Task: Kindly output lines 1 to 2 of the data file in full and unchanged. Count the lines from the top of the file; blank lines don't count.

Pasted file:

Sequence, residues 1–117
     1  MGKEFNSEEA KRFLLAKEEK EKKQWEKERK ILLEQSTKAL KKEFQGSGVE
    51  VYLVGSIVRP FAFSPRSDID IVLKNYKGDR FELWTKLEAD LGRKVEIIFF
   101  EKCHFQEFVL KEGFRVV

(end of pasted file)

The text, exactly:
Sequence, residues 1–117
     1  MGKEFNSEEA KRFLLAKEEK EKKQWEKERK ILLEQSTKAL KKEFQGSGVE